On the Issues
Homelessness is the dominant issue of this election. But it’s not the only one. On this page, I provide highlights of my positions on homelessness, public safety, affordable housing, transportation and climate change, with links to more detailed position statements. I also summarize my thoughts on the future of three key places in District 5: Lake City, Northgate, and Aurora, again with links to more details. Lastly, I discuss a special resolution I am committed to sponsor if I am elected, to right some wrongs in Seattle’s relationship with our home Native American tribe, the Duwamish.
I believe Seattle is facing both a drug crisis and a housing crisis. Together, they feed into what gets called “homelessness.” Both crises require action, but the City has not faced up to the consequences of the drug crisis for our neighborhoods. Needles, trash, stolen bikes, and human waste accumulate in illegal encampments that the City has tolerated in our parks and other public spaces. Less affluent, working class or transitional neighborhoods get hit hardest by this. Here in District 5, that would especially include Lake City and neighborhoods near Aurora, but almost the entire district has been touched by it. The City needs to show some backbone, demonstrating compassion to these neighborhoods, not just the homeless.
For years, I have also advocated for expansion of the Law Enforcement Assisted Diversion (LEAD) program, which trains police officers to identify low level offenders who could be better served by case management, treatment, and other social services than by the criminal justice system. This does not apply to every offender, but it does apply to some. The result has been reduced crime, reduced public costs, and saved lives. LEAD began on Aurora in 2018. I want to see it expand there, in Lake City, and as soon as possible to the rest of the district and the city.
Seattle needs to provide more incentives and opportunities to provide affordable housing, both for our poorest residents and for those earning above 60% of the area median income but still struggling to pay for housing. At the same time, we need to provide protections for those living in existing, unsubsidized affordable housing that may be lost to redevelopment. By the City’s own analysis, residents of urban villages in District 5 are among those at highest risk of this loss anywhere in Seattle.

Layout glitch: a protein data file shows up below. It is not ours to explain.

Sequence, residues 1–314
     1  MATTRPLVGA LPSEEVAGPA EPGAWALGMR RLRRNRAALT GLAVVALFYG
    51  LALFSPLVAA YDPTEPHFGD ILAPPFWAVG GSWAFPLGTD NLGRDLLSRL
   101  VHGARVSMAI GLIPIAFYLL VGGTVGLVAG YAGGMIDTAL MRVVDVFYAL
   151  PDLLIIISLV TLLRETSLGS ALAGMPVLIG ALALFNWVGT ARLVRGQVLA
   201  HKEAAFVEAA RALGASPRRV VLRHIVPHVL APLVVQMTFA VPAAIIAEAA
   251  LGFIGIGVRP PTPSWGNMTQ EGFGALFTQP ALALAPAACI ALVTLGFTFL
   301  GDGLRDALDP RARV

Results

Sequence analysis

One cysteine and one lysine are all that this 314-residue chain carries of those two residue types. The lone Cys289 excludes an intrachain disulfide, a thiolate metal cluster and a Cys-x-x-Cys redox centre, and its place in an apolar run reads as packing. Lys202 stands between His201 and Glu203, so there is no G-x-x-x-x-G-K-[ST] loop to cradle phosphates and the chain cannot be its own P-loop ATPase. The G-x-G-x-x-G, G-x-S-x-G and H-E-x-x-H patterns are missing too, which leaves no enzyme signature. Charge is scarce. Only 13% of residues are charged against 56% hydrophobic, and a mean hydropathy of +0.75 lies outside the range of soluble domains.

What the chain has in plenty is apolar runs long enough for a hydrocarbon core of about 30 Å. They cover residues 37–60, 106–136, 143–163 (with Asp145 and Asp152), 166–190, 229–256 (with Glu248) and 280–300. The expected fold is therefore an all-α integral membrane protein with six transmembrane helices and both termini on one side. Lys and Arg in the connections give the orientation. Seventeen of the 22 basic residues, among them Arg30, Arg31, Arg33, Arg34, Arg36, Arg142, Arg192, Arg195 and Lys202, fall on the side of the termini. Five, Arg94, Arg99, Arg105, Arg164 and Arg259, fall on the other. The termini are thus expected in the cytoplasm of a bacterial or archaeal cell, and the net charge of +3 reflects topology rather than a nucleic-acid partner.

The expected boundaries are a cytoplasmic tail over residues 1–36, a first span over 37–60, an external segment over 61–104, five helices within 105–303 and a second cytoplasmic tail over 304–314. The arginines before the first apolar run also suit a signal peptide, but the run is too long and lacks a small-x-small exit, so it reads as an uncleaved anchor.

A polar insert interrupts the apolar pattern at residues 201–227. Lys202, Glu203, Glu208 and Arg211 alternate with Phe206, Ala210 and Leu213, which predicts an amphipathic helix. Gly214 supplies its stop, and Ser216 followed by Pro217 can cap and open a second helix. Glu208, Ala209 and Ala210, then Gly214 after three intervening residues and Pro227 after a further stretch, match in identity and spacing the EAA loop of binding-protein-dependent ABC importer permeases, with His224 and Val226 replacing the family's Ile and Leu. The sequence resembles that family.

I generally support the legislation currently before the Council to encourage the construction of more Accessory Dwelling Units (ADUs). However, I think we should continue to require owner occupancy, at least during the initial construction of ADUs. We should also require that at least one of the units on a lot actually provide affordable housing, to fulfill what is supposed to be the primary reason for this legislation.
Lastly, I support many of the ideas in the Seattle Planning Commission’s report, “Neighborhoods for All.” These propose relatively modest changes in single family residential zones that could open up much more of the City to affordable new housing.
Public safety is the core responsibility of our government. It is not faring well in Seattle—particularly regarding property crime, which directly relates to our drug crisis. We need to face up seriously to the actions needed to address this crisis, which are not a matter of either/or. We need more treatment, more case management, and more law enforcement.
There have to be serious consequences for repeat offenders. But we also have to recognize that the criminal justice system is not the best alternative for the mentally ill or for many addicts. That is why I support the Law Enforcement Assisted Diversion (LEAD) program (see above, on “Homelessness”), as well as restorative justice programs.
We need more police officers. We also need a new North Precinct headquarters—and we really should divide the current North Precinct (everything north of the Ship Canal) in two, so it is closer to the size of other precincts around the City.
Transportation and the Climate Crisis